Four patients (0.7%) were retreated surgically within 2 weeks after discharge. All patients were treated as a result of clinical signs. Three of these four patients had a fracture of the mandible and during visits at the out-patient clinic malocclusion was noted. One patient was treated for a fracture of the zygomatic bone by closed reduction. One week after discharge he presented with clinical signs of a dislocated zygomatic complex. Retreatment was necessary. Retrospectively the postoperative radiographs taken prior to discharge showed no malposition or an indication for retreatment.
Another 4 patients (0.7%) were retreated surgically between 2 and 4 weeks after discharge. Three patients needed a secondary correction of the orbital floor after having a fracture of the zygomatic complex. The orbital floor was initially not treated during the reposition of the zygomatic bone, as these patients initially did not show clinical signs which could justify a primary orbital bone reconstruction. The postoperative radiographs performed were simple plain views (submentovertex radiographs and occipitomental radiographs) and on these views no malposition was detectable. The fourth patient was retreated for a developed malocclusion after a complex panfacial trauma. When viewing the postoperative CT scan of this patient the reposition of this panfacial trauma was judged as non-satisfactory.
Five patients (0.9%) were retreated more than 4 weeks after discharge. One patient underwent a unilateral sagittal split osteotomy for correction of a malocclusion after a mandibular fracture. Retrospectively no indication of incorrect reposition could be detected on the postoperative views of this patient. Three patients underwent a secondary correction of the orbital floor (two blow-out fractures and one fracture of the zygomatic complex). These patients initially had no clinical signs but developed enophthalmia and/or diplopia later on. A suboptimal reconstruction of the orbital floor could be detected on the postoperative CT scan of one patient. On the postoperative views of the other two patients no malposition was visible. The fifth patient was retreated for a malpositioned frontal sinus wall after a fracture of the frontal sinus. Retrospectively the postoperative view of this patient showed no indication that something was potentially incorrect. These five retreatments were based on clinical findings only. The radiographic analyses were used to confirm the clinical findings.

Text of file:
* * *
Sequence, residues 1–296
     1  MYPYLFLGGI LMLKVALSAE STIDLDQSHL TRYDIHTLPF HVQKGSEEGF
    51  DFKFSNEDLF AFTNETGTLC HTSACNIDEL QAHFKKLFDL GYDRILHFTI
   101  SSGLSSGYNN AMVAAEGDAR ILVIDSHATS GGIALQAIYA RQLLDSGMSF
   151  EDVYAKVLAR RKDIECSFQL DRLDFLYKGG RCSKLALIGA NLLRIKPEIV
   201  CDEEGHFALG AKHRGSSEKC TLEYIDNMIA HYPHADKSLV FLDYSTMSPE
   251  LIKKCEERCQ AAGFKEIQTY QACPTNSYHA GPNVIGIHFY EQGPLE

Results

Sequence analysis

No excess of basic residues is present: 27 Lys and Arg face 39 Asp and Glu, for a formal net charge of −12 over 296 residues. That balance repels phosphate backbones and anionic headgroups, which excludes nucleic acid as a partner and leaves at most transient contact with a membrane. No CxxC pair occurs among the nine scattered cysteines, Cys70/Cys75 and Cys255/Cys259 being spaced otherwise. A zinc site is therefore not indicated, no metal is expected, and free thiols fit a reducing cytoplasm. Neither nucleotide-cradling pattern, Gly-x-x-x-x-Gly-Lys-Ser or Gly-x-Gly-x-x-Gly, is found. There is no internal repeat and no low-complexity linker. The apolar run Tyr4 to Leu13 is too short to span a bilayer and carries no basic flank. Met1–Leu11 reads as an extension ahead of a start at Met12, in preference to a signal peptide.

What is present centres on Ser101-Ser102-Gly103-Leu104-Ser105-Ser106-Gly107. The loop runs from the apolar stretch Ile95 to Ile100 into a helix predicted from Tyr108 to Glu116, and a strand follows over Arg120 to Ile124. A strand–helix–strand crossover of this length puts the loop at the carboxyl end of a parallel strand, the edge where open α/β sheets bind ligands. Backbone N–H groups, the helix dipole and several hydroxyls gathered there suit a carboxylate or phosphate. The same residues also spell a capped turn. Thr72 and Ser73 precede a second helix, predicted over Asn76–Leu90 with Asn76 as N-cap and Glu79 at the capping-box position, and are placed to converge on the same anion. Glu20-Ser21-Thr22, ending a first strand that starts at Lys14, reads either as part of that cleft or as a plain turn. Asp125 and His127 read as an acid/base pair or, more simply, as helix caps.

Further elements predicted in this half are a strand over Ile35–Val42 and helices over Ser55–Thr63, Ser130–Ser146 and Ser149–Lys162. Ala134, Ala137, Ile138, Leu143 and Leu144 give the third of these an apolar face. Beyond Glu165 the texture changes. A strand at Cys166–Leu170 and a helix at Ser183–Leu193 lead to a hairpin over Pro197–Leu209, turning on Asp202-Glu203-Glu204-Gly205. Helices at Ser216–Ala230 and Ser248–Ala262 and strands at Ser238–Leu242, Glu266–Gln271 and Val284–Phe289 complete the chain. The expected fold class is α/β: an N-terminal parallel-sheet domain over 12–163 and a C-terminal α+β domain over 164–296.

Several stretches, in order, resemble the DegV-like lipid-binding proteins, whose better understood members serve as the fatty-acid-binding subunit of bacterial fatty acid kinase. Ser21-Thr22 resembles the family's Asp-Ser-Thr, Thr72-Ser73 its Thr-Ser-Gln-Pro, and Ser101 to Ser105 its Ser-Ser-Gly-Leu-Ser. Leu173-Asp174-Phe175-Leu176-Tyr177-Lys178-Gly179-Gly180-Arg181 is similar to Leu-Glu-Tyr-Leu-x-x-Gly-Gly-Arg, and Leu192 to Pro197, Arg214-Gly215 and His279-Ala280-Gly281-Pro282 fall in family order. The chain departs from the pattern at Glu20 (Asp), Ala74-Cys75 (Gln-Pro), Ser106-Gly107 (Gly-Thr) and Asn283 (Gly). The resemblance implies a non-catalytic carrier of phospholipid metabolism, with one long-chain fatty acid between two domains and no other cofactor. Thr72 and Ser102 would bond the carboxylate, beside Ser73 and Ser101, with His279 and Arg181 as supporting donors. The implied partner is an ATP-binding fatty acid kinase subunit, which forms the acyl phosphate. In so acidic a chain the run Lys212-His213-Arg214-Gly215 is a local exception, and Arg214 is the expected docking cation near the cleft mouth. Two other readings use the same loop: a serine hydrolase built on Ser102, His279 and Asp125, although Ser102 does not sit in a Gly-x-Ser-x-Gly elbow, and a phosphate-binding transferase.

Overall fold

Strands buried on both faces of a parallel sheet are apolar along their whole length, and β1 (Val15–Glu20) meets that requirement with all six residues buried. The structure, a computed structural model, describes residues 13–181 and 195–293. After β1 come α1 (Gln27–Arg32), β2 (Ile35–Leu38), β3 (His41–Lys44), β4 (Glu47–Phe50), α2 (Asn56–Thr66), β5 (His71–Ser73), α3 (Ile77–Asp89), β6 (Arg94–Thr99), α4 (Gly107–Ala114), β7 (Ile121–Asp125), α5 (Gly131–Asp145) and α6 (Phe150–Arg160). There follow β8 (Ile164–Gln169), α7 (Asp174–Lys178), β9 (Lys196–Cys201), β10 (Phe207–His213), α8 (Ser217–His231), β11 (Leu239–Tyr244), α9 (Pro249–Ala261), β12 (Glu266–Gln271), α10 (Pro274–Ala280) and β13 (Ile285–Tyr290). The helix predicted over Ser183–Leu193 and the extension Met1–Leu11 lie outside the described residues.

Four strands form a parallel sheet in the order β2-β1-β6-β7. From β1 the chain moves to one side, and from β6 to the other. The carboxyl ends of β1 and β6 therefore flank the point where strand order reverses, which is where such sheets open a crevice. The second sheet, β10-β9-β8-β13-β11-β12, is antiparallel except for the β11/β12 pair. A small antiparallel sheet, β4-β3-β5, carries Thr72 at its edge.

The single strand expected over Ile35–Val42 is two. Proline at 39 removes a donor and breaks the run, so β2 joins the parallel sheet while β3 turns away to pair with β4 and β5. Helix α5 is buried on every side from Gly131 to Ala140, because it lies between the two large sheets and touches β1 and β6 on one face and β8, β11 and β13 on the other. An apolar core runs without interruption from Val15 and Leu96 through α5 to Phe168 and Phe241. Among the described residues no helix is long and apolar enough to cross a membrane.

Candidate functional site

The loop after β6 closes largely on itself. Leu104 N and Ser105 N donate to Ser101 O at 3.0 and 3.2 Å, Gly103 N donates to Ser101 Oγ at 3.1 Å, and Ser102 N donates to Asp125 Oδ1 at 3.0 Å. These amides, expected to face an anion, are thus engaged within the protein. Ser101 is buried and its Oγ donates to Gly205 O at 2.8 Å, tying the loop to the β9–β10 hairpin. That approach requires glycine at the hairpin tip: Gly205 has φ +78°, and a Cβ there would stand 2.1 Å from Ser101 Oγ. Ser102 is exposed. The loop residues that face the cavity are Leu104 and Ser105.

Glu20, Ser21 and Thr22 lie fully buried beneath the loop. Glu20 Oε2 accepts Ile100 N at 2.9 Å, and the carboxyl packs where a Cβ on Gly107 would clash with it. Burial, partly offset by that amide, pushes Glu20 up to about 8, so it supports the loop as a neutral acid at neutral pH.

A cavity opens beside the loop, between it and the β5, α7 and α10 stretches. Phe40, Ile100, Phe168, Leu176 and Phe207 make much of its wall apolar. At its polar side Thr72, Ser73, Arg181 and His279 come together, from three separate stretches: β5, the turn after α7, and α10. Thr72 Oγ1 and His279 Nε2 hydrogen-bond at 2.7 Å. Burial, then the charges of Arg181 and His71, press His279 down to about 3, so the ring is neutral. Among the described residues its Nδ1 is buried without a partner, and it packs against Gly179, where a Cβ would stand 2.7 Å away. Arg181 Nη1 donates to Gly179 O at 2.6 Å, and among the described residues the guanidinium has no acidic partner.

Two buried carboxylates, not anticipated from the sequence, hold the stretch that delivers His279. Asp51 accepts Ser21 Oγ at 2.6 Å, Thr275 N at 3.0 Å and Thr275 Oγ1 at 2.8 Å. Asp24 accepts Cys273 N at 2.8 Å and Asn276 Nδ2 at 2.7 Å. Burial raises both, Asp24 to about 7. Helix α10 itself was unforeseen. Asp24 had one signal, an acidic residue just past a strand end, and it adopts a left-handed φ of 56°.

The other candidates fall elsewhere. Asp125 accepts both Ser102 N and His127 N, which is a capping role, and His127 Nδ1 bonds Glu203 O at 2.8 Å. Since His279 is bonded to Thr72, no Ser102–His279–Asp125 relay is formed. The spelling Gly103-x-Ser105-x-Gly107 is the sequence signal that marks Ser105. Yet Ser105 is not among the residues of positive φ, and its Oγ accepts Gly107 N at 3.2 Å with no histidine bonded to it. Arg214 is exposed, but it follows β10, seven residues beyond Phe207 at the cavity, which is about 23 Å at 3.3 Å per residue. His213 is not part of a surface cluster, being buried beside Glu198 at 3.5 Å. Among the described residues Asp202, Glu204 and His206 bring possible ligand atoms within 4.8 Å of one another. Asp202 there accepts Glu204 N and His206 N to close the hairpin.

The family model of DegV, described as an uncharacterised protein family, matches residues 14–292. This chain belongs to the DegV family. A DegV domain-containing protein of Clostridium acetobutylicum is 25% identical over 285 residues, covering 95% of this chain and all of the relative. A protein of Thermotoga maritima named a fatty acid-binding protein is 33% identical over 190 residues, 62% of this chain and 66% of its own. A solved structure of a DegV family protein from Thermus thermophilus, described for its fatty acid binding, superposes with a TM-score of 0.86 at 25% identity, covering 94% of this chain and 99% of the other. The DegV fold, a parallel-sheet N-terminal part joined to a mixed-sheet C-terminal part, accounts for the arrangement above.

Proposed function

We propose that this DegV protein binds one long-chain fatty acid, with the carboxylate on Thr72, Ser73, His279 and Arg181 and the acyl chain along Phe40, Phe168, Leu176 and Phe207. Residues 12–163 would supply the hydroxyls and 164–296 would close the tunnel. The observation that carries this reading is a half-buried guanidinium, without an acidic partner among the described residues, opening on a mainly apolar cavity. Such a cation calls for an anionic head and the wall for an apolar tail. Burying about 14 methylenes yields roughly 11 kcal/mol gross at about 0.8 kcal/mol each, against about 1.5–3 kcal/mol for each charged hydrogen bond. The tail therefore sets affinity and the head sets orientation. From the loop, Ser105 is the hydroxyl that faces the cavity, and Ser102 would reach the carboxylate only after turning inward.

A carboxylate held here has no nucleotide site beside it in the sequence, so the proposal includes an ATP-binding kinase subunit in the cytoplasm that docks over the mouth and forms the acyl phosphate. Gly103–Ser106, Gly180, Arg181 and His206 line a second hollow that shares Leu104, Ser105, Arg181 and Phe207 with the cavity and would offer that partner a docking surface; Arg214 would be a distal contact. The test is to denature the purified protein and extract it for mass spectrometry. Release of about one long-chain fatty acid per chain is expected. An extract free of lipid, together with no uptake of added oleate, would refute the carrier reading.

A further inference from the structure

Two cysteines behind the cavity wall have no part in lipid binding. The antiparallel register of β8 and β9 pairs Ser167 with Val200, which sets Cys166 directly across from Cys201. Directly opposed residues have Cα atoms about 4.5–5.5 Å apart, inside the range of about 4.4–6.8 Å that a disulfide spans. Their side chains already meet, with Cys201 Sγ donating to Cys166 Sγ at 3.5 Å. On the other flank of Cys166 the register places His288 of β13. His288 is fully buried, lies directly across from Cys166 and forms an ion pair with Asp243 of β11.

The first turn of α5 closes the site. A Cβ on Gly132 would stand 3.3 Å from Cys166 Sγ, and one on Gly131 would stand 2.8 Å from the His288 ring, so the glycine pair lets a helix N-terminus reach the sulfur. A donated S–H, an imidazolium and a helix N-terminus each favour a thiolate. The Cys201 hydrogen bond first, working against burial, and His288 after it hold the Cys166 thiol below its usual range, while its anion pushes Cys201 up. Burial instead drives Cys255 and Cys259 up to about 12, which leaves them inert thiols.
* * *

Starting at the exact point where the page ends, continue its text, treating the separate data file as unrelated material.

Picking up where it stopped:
Of 25 patients who were treated for reconstruction of the orbital floor 7 patients needed a secondary reconstruction. 18 patients underwent primary reconstruction of the orbital floor. Simple plain views (submentovertex radiographs and occipitomental radiographs) were taken postoperatively in 8 patients. On these views no malposition of the reconstruction could be detected. Postoperative CT-scans were made for eight other patients of whom a suboptimal reconstruction of the orbital floor was seen in one patient but this did not result in clinical problems. The remaining 7 patients showed a satisfactory result of the reconstruction. Data is missing for analysis in two patients.